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Iran's attack on Israel raises fear of regional conflict

MARY LOUISE KELLY, HOST:

What is the next move in the Middle East? What might Israel do? How far might Israel go in response to Iran's attack over the weekend? Iran launched hundreds of drones and missiles on Saturday night, which was Iran's response to Israel's attacking its diplomatic compound in Damascus back on April 1. Well, let's bring in Sima Shine, former head of research and analysis for Israel's espionage agency, the Mossad. When I spoke to her from Tel Aviv earlier today, Sima Shine, like so many others, characterized the attack this weekend as unprecedented.

How big an escalation does this represent, in your view, of what has been a long-running shadow war between your country and Iran?

SIMA SHINE: Yeah, that's - I think it's crossing the Rubicon from the point of view of Iran. It...

KELLY: Why?

SHINE: Iran never did before anything similar to that. In spite of everybody telling the Iranians not to do it, they decided to do it. And they took upon themselves the responsibility for escalation. What is interesting is that during the time that all these elements were on their way from Iran to Israel, their ambassador in the U.N. already came out and said, we have launched. But it's finished, and we don't want to escalate. So everything was prepared, and they believe that they can stop it without escalation.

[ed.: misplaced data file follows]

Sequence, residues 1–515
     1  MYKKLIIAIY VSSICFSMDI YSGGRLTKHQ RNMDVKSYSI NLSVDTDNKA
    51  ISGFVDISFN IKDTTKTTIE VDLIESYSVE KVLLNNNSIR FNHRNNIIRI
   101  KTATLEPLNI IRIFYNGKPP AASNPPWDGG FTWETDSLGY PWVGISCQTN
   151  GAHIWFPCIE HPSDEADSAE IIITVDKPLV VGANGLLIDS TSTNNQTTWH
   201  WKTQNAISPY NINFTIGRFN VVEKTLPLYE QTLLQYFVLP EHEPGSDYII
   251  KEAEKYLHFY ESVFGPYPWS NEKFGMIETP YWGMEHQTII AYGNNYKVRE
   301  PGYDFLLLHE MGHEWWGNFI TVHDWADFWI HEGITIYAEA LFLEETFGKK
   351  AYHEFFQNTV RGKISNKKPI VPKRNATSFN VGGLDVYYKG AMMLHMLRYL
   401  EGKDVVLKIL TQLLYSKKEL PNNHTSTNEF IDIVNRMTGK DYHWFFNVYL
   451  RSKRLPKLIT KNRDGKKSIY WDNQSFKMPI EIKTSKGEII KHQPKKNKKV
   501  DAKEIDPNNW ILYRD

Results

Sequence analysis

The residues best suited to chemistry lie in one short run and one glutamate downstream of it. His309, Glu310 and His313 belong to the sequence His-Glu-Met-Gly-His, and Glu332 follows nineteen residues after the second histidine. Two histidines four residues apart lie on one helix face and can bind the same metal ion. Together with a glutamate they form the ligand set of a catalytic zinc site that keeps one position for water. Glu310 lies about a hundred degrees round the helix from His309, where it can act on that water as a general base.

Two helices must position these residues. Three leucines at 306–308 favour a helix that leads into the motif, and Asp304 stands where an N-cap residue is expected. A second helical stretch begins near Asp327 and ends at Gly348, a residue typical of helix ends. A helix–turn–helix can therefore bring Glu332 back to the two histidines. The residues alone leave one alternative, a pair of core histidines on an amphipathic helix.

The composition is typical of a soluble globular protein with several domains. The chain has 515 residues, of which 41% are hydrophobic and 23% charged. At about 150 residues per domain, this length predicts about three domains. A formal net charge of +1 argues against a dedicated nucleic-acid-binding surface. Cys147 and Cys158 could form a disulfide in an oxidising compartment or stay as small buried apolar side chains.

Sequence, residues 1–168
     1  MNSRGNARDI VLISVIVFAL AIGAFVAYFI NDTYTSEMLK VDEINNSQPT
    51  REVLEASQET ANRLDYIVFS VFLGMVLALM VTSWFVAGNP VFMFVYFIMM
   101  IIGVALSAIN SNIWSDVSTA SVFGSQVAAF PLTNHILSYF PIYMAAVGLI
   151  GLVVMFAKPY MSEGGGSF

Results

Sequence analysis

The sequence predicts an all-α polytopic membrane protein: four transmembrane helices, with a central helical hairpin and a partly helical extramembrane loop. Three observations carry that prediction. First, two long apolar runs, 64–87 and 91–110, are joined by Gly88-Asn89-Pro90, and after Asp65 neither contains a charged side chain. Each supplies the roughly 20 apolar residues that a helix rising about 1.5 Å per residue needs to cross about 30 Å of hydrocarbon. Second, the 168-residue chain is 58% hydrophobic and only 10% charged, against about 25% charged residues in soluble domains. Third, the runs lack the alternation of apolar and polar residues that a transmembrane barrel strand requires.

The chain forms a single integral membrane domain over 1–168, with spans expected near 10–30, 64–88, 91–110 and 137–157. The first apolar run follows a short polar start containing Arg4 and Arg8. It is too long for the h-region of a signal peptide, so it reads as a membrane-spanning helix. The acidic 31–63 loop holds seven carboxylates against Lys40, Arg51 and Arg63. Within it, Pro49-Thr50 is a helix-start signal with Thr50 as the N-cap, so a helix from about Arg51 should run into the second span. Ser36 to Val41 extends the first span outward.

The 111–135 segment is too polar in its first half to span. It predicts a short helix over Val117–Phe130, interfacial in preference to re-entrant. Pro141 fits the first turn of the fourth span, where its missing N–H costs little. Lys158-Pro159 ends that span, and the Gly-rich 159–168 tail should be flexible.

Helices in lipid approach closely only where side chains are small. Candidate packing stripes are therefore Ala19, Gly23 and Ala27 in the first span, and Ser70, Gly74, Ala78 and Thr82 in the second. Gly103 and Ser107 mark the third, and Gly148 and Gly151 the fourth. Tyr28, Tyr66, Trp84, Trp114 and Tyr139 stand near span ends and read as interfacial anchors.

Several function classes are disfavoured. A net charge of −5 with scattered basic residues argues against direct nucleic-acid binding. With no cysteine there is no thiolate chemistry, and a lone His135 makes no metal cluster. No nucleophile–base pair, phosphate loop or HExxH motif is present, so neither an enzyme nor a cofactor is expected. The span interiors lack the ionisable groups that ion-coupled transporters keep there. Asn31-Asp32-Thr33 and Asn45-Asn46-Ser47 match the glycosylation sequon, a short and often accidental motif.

KELLY: Well, on the scale of everything from Israel doing nothing at all to Israel then going on to escalate from here, what is the range of options for how you see Israel responding?

SHINE: It's very difficult to evaluate because the last hours here in Israel, there is a decision to retaliate. That doesn't mean that we understand what kind of retaliation. But yesterday I could say that it looks as if Israel decided not to retaliate immediately. And today it looks different. Today it looks - from what we hear from the cabinet meeting and from meetings that are planned by the prime minister and the leaders of the opposition, usually it is the tradition in Israel that if we go for something that might deteriorate to a war or something like that - something big - the prime minister is addressing the opposition, the heads of the opposition. So this is going to happen in the coming hours.